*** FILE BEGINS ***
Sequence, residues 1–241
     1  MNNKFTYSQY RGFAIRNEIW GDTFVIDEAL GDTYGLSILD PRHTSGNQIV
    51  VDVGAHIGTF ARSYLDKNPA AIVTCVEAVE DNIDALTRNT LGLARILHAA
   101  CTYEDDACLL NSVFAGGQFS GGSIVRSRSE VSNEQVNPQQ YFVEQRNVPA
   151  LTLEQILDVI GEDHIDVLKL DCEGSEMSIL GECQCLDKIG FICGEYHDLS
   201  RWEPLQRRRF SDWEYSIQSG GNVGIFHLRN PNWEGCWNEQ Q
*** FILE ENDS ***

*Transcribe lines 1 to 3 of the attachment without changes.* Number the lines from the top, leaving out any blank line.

Sequence, residues 1–241
     1  MNNKFTYSQY RGFAIRNEIW GDTFVIDEAL GDTYGLSILD PRHTSGNQIV
    51  VDVGAHIGTF ARSYLDKNPA AIVTCVEAVE DNIDALTRNT LGLARILHAA